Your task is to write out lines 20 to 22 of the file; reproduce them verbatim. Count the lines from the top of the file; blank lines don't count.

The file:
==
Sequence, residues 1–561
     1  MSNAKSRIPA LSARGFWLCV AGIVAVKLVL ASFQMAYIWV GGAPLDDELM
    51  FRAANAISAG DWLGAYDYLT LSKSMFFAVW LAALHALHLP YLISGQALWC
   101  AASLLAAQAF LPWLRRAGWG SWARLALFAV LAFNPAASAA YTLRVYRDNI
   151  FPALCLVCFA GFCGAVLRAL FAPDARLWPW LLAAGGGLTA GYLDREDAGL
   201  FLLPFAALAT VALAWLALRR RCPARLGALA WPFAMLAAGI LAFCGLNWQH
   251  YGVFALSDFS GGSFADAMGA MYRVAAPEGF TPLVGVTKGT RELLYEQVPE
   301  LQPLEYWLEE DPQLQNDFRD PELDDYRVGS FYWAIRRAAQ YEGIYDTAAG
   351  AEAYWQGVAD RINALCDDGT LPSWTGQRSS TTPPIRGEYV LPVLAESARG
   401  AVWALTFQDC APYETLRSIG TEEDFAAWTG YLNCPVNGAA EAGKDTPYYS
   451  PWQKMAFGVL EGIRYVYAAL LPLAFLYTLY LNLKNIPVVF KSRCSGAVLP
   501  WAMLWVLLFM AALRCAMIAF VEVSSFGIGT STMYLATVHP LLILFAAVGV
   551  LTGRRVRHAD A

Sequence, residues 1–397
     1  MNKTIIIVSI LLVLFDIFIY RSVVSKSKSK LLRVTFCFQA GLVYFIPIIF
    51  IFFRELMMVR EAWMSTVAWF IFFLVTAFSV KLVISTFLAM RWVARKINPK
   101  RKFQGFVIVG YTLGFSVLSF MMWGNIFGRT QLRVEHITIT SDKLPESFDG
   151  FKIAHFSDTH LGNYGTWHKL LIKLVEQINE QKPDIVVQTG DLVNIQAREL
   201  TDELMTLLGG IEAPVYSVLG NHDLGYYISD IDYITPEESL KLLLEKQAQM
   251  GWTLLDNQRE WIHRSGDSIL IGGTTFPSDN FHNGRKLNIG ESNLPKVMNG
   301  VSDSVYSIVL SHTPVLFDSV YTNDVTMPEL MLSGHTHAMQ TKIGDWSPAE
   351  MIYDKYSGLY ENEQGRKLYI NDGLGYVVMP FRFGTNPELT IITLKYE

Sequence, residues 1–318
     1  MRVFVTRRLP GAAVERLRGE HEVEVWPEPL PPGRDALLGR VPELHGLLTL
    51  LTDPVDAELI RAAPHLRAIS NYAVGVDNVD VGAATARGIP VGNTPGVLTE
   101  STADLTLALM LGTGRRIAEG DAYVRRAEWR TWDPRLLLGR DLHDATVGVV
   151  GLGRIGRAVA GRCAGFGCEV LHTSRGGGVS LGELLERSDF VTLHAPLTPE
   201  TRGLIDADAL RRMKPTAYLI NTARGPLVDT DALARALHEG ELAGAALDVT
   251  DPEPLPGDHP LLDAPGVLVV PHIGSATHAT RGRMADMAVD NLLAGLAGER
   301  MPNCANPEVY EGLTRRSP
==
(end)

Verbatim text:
   251  GWTLLDNQRE WIHRSGDSIL IGGTTFPSDN FHNGRKLNIG ESNLPKVMNG
   301  VSDSVYSIVL SHTPVLFDSV YTNDVTMPEL MLSGHTHAMQ TKIGDWSPAE
   351  MIYDKYSGLY ENEQGRKLYI NDGLGYVVMP FRFGTNPELT IITLKYE